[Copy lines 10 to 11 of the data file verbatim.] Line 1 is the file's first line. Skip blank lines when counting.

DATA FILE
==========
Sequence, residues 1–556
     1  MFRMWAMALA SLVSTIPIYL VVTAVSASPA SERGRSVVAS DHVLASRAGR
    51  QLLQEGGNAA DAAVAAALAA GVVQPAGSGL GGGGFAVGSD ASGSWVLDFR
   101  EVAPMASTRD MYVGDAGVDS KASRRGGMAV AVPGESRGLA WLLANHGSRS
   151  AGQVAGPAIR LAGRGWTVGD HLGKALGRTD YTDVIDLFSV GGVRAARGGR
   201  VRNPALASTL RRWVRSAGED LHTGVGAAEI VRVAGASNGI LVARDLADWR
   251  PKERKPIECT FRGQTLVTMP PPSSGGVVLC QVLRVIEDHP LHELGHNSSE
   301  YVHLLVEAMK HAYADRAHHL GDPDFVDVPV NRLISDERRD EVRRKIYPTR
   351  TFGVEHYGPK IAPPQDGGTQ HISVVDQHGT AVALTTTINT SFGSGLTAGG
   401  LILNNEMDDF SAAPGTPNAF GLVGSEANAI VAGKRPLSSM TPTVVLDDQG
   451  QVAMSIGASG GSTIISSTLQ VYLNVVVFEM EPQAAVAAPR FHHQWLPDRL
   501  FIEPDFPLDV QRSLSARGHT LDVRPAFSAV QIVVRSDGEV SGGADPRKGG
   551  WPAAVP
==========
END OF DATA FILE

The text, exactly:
   401  LILNNEMDDF SAAPGTPNAF GLVGSEANAI VAGKRPLSSM TPTVVLDDQG
   451  QVAMSIGASG GSTIISSTLQ VYLNVVVFEM EPQAAVAAPR FHHQWLPDRL